In support of the album's release, the band embarked on a small national tour and received an invitation to perform a sell-out month-long residency at The Dublin Academy for four consecutive Fridays,[5][23][38][39] thus ending their habit of playing Dublin only once per year.[38] This involved two-hour sets featuring new material and duets with Sinéad O'Connor—on her song "Nothing Compares 2 U"—and Damien Dempsey—on the Thin Lizzy song "Dancing in the Moonlight".[12][40] The Academy residency led to a Meteor Award nomination for Best Irish Live Performance the following year and they would return for another performance at the same venue that September.[35][41][42] A couple were engaged as part of a BBC television series prior to the Sunday evening appearance of Republic of Loose on the O2 Stage at Oxegen 2008[43][44] a performance which also featured collaborator Styles P—[45] whilst the band also performed for several journalists backstage.[46] They performed a DJ set at Castlepalooza before headlining Solas Festival on 17 August 2008.[39][47][48][49][50] Republic of Loose featured on Today FM's The Ray D'Arcy Shows charity album Even Better Than the Disco Thing released in December 2008,[51] finishing off the year with three shows in Cork.[37]

Republic of Loose were one of several acts to perform cover versions at a show in The Academy titled "Inspirations", held in honour of the actor Paul Newman's Irish charity in February 2009.[52] In June 2009, the band were part of a collaboration of musicians calling themselves The Troublemakers who recorded a cover version of the Horslips song "Trouble with a Capital T" for charity.[53][54][55] The recording session was part of The Raw Sessions and the song was performed by The Troublemakers on The Late Late Show.[53][54][55] The band performed on the Heineken Green Spheres Stage at Oxegen 2009 before supporting U2 during one of their U2 360° Tour concert dates at Croke Park in July 2009.[56][57][58][59][60] Republic of Loose participated in the international celebration of the 250th birthday of Guinness—known as Arthur's Day— which took place on 24 September 2009.[61]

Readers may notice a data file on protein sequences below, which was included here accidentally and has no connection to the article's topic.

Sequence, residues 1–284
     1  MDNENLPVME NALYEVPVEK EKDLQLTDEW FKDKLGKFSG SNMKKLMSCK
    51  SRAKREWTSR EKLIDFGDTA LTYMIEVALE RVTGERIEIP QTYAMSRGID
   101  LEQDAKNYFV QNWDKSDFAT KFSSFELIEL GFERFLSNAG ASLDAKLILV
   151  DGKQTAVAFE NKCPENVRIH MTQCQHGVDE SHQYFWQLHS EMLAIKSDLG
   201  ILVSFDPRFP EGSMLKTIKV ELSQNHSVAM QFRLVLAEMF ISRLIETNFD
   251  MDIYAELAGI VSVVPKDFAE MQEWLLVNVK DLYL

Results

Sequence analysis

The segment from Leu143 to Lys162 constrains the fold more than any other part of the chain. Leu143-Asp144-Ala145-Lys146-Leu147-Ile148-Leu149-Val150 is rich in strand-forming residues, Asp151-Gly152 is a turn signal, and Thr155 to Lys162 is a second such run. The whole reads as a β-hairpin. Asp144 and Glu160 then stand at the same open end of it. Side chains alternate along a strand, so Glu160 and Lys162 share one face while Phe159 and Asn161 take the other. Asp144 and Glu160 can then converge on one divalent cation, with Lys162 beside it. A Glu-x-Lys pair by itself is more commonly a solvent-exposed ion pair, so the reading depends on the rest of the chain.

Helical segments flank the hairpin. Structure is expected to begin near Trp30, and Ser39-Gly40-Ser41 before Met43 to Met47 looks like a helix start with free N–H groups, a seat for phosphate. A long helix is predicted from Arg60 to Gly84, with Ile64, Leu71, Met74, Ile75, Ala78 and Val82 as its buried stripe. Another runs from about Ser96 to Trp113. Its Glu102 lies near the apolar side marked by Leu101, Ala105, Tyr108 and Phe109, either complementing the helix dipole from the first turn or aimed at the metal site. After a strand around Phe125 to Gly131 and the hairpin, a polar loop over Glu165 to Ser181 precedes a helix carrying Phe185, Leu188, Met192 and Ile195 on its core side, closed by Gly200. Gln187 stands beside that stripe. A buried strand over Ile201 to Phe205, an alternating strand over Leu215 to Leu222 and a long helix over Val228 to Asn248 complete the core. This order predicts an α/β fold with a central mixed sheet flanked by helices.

Bounce at the Devil

In July 2010, Republic of Loose returned to Oxegen.[62][63] Their fourth album, Bounce at the Devil, was released later that year and led to an appearance on The Late Late Show.[64][65] The album, recorded in Baltimore, "blends a myriad of influences -- from plastic soul to the sort of 'big hair' rock of the 80s", according to Irish Independent reviewer John Meagher.[66]Entertainment.ies Jenny Mulligan describes it as good craic but occasionally bordering on obnoxious.[67]

Influences, praise and style

Republic of Loose in Galway, Ireland

Republic of Loose's genre has been defined by various sources as blues,[20]funk,[68]metal,[4]R'n'B,[69]pop,[20]rock[20] and soul.[68] They are influenced by acts such as Bobby Brown, James Brown, Al Green, Howlin' Wolf, Michael Jackson, Prince and The Rolling Stones.[9] They perform as a six-piece band complete with backing singers.[12][42][68] The chant, "Loose! Loose Loose!", is commonly heard from the crowd during their performances.[22][38]

Republic of Loose have earned the admiration of several musicians. Damien Dempsey called them the "best band in Ireland" after performing alongside them.[5]Sinéad O'Connor, in an e-mail to the Irish Independent, asked to become a member of what she described as "simply the best Irish band ever".[5]Bono has described them as "sophisticated soul bootboys", "trailblazers" and proclaimed that "the Celtic Twilight turned into Celtic soul with Van Morrison, then Republic of Loose grabbed the Celtic Tiger by the tail, swung it around their heads and threw it out the window into the cosmos".[5]Snow Patrol's Gary Lightbody, who called them "the best band in the country this year [2007] and for many years to come".[25] Snow Patrol have also remixed "Comeback Girl".[25] Praise has come from other musicians too, including Jake Shears of Scissor Sisters.[5][70]Marcus Russell, manager of Oasis, is reported as having called Republic of Loose the "most exciting new band" since Oasis.[22] Novelist Irvine Welsh has referred to "Comeback Girl" as "one of the greatest songs ever recorded".[5] Actress Mischa Barton is also a fan.[71]